Baseboard Heaters: The Difference between Hydronic and Electric Heaters

Hydronic baseboard heaters have a similar design to that of electric baseboard heaters but the two are actually very different from one another even in spite of their shared purpose. Both forms of heater make use of the standard AC electrical current but radiant heat is used by Hydronic heaters while an electric heater will be of the convection type.

The design of the wall units is intended to offer either supplemental or a primary form of heating. Hydronic baseboard heaters and electric baseboard heaters also differ in terms of cost of operation, installation and purchase cost. 

Hydronic heat versus convection heat

The primary difference between these two methods of heating is that waves are emitted by convection heat while hydronic heat emits rays. Hydronic heat is radiant heat that radiates warmth in a similar manner to the way in which skin is heated by the rays of the sun. Convection heaters need a fan as they are unable to diffuse the produced heat in the same way. Many people will know about convection ovens, which circulate heat round the cavity with the use of a fan. 

Hydronic heater types

Hydronic heaters normally have more than a passing resemblance to electric baseboard units in regards to their design. Both of them attach to walls from the floor level and are fairly slim and long.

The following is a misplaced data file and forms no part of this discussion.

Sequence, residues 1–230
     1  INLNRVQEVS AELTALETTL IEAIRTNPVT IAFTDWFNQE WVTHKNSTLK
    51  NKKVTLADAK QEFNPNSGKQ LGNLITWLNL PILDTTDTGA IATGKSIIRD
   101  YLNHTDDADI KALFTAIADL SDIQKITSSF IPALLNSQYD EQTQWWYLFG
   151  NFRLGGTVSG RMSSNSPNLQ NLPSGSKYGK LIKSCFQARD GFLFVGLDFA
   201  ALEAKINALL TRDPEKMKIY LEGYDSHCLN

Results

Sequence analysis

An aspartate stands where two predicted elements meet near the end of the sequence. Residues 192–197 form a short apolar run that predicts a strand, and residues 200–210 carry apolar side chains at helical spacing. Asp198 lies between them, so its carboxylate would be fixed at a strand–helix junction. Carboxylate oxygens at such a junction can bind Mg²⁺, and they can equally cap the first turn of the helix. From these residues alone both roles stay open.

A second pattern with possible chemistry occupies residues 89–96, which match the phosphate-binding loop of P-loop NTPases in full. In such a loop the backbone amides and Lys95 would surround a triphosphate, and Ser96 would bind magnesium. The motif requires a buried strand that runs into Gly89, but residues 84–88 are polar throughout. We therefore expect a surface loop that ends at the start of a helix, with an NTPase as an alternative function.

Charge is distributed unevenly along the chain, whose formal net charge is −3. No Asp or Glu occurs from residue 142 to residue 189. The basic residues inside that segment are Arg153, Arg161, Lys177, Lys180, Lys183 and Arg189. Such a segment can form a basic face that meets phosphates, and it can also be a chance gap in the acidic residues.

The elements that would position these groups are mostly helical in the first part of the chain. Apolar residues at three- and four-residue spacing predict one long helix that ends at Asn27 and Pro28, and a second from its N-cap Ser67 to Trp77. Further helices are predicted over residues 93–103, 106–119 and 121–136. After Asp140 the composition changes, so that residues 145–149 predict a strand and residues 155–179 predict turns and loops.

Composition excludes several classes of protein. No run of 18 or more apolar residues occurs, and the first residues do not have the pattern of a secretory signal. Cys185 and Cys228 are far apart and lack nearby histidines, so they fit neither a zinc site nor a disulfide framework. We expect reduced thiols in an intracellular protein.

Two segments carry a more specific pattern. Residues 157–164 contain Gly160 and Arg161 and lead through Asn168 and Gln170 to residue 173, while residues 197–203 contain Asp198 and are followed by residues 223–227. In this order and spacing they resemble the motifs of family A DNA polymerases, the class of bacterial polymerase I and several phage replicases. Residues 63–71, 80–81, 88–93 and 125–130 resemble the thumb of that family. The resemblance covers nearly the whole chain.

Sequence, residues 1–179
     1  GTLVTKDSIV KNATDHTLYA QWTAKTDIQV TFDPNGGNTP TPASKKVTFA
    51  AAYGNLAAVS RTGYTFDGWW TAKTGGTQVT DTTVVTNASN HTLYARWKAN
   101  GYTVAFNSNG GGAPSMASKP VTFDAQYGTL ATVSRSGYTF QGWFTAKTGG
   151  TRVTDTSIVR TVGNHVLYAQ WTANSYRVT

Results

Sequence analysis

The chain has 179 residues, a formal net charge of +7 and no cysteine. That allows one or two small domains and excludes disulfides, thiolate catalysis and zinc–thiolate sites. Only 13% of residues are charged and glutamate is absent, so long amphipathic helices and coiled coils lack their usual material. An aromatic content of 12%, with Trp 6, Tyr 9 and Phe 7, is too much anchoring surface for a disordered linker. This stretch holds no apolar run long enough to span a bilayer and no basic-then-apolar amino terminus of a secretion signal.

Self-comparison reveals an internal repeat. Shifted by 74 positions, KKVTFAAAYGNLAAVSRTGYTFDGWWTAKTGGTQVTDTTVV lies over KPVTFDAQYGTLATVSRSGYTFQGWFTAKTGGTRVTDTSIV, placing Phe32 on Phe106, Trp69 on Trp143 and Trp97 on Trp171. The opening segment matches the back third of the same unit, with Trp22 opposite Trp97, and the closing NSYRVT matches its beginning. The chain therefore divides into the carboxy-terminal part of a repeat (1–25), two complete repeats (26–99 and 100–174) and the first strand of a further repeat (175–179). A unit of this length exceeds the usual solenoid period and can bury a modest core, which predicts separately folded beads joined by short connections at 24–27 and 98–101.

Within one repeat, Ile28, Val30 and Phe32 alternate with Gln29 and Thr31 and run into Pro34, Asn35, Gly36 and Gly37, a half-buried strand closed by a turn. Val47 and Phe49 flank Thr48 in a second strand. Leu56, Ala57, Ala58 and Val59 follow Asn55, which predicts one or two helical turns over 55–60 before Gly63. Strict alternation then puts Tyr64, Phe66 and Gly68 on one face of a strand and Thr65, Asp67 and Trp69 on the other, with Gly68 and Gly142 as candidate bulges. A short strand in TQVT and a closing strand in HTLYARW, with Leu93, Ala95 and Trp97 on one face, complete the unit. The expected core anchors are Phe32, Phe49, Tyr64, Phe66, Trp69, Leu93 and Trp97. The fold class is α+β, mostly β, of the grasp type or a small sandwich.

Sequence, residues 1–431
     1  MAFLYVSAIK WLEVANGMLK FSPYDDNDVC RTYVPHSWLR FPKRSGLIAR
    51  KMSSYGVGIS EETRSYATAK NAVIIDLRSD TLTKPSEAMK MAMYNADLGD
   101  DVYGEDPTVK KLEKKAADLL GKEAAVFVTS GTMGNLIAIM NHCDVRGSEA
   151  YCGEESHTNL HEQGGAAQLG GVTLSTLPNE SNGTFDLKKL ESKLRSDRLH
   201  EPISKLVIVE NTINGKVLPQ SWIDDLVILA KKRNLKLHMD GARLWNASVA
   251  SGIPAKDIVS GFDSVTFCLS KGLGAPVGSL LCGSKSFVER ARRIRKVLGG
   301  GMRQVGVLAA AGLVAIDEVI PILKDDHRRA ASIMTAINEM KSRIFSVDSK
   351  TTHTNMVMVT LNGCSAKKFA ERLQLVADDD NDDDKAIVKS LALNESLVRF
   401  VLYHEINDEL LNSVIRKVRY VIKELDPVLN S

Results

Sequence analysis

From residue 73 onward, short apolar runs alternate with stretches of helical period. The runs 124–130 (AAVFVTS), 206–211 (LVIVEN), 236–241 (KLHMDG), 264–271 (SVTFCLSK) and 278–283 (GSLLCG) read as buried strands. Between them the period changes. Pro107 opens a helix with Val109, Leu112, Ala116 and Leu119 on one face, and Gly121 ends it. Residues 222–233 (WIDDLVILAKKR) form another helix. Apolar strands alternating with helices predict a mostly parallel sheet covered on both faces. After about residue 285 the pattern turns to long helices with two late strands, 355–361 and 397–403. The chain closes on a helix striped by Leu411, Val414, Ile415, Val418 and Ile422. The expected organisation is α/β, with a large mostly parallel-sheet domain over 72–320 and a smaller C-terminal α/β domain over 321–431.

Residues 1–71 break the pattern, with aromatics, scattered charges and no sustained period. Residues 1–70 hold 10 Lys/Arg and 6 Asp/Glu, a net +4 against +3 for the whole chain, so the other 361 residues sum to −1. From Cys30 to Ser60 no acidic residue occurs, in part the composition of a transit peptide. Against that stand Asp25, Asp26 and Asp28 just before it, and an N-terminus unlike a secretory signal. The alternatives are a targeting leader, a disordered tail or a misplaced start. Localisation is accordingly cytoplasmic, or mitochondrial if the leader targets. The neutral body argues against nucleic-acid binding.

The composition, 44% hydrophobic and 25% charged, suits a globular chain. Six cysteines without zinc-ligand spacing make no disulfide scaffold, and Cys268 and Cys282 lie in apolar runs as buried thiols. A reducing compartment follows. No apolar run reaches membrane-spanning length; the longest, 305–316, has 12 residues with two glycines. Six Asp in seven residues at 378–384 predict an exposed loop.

There are two standard hydronic heater types – freestanding heaters and built-in systems. The latter require a more complex installation and are normally built into a home while it is being constructed, being an evolution of old-school cast iron radiators that have been around since the 1940s. 

This system features a central boiler that is usually powered via natural gas, copper piping that runs all over the home and baseboard heating units in every room or zone. These systems are intended to be permanent and can be integrated very easily into the decor and layout of a home. The central boiler heats water which is then sent to every zone in the home, with baseboard units transferring the heat to every room. The water goes back to the boiler once it cools down. 

Freestanding hydronic units however are self-contained, built with a constant water supply or some other type of liquid as well as a thermostat and are normally powered by electricity. Their manner of function is similar to that of built-in systems though the water is actually heated and then reheated in every individual baseboard unit. 

Electric heaters

As with freestanding hydronic units, electricity is used to power convection baseboard heaters, which also come with individual thermostat controls. Rather than water being heated in order to then transfer that heat, electricity instead powers an internal heating element that draws in cool air from floor level inside the intake vent, heats it and then uses a fan to blow it out into the room. The cycle of each individual unit is regulated by the built-in thermostat. 

Hydronic systems are complex to install and costly for pre-existing homes but are very cost-effective in operation and highly efficient. Radiant heat is also able to keep emitting warmth after the heater has been turned on, making it even more efficient. 

No Comments

Sorry, the comment form is closed at this time.